The 85th Annual Meeting of the American Association of Physical Anthropologists (2016)


Ancient alleles and complex structural variation of pathogen receptors at the glycophorin locus

ELLEN M. LEFFLER1, GAVIN BAND1, KIRK A. ROCKETT1,2, QUANG SI LE1, DOMINIC P. KWIATKOWSKI1,2 and CHRIS C.A. SPENCER1.

1Wellcome Trust Centre for Human Genetics, University of Oxford, 2Wellcome Trust Sanger Institute, Wellcome Trust Genome Campus

April 14, 2016 3:15, Imperial Ballroom B Add to calendar

The glycophorin locus has recently been identified in genome-wide scans for both ancient balancing selection and severe malaria susceptibility, but the underlying functional mechanisms remain uncharacterized. This locus encodes three genes, GYPA, GYPB, and GYPE, that result from great-ape specific duplication events, with the first two underlying the MNS blood group system and serving as red blood cell surface receptors for pathogens including the malaria parasite Plasmodium falciparum and several viruses. Copy number variation has been reported between humans and chimpanzees as well as within human populations, but analyses are complicated by the high sequence similarity among the three homologous copies, each about 100 kb, which makes read mapping and variant calling problematic. We sought to characterize structural variation across the region by developing a hidden Markov model to infer large copy number changes from sequence coverage data. We apply the method to worldwide 1000 Genomes Phase 3 populations and identify multiple large deletions and duplications, observing marked differences in variant frequencies across continents. In particular, we find two distinct deletions of GYPB reaching 5% or higher frequency in Africa and a duplication of GYPB and part of GYPA up to 2% frequency in East Asia. We assess the potential functional impact of rearrangement of regulatory elements and fusion gene products. Finally, integrating genotypes at these variants into haplotypes, we evaluate evidence for balancing selection and relate the structural variation to alleles shared between human and chimpanzee.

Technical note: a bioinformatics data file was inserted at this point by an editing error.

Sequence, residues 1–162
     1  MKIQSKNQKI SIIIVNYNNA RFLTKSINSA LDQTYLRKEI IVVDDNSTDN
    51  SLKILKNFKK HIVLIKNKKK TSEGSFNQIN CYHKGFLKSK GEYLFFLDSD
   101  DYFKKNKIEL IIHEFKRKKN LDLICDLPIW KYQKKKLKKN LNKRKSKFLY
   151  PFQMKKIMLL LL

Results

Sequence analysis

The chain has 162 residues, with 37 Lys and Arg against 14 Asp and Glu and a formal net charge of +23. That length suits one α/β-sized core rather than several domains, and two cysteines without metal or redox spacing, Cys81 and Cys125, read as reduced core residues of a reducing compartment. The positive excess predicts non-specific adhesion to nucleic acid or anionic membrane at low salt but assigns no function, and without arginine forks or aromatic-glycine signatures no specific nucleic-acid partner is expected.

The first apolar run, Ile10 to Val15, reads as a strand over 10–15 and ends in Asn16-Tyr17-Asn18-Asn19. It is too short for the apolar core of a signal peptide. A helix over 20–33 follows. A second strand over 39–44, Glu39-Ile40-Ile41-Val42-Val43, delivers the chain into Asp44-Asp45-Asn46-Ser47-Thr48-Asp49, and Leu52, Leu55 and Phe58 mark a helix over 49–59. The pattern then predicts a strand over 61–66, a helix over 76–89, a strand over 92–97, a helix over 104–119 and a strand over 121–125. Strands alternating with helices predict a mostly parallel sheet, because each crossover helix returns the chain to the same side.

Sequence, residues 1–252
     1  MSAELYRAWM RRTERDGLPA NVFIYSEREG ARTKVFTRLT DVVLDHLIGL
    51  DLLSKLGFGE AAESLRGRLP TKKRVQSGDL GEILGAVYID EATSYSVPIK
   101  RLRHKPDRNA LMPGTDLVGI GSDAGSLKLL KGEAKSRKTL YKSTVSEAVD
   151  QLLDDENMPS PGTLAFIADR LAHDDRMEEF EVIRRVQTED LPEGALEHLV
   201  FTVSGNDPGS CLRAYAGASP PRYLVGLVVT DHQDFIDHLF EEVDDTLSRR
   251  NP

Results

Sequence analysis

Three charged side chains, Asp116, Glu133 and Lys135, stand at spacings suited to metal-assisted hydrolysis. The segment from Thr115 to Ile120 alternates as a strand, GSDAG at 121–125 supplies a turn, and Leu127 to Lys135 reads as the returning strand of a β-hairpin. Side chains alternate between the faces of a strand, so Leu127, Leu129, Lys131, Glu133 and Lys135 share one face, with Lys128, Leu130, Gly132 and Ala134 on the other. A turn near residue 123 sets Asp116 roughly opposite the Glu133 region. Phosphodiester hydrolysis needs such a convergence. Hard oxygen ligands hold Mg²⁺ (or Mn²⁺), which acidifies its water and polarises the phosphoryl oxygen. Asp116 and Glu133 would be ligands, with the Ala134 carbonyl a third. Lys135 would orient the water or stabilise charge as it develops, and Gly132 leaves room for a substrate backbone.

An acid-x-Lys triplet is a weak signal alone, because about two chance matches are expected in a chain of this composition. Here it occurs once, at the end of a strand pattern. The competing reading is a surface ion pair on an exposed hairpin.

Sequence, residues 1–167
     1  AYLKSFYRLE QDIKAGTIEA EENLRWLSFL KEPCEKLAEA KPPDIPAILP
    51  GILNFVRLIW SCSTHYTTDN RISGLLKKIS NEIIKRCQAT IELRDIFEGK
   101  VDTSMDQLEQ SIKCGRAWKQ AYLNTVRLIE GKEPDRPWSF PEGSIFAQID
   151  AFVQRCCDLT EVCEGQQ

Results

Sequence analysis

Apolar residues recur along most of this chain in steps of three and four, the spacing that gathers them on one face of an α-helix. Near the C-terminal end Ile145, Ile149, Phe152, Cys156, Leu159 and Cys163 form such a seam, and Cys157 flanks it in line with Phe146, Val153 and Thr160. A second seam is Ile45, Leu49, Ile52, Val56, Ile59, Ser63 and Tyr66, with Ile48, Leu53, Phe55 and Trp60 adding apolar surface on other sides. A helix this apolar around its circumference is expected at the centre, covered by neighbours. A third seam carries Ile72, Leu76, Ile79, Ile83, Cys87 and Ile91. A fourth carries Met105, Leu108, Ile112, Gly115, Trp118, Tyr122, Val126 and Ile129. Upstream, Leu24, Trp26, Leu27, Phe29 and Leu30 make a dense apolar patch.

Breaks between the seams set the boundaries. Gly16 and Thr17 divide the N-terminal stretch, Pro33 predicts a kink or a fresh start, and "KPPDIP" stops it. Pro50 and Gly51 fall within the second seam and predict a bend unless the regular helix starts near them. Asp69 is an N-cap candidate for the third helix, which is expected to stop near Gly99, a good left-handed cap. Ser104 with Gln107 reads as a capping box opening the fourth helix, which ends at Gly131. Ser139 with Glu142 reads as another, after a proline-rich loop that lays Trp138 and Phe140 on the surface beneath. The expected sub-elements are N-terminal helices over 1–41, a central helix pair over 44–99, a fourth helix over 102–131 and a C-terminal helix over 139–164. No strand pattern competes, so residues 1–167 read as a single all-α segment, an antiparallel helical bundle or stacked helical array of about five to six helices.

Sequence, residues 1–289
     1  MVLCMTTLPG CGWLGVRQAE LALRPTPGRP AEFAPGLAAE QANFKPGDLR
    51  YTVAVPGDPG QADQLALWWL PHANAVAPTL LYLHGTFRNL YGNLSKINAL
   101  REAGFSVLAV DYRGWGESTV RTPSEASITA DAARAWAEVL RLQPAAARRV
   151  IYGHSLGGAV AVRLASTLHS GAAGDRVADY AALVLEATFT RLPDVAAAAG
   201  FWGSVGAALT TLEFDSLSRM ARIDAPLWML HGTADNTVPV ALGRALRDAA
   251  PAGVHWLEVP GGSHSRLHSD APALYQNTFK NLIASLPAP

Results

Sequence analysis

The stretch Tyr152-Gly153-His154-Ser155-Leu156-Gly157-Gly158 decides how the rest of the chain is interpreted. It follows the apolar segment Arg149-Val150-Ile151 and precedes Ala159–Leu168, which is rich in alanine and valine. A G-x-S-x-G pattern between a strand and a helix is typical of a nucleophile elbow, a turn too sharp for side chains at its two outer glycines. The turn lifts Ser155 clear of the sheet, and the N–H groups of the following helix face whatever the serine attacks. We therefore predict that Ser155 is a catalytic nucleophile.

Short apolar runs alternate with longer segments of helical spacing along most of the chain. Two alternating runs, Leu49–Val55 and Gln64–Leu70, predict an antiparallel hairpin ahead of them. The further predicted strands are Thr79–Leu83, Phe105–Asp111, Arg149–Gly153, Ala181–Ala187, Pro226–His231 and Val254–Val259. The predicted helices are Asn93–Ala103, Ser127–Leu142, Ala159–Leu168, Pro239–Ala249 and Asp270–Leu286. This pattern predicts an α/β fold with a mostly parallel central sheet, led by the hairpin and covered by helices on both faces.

This work is supported by the Wellcome Trust [097364/Z/11/Z].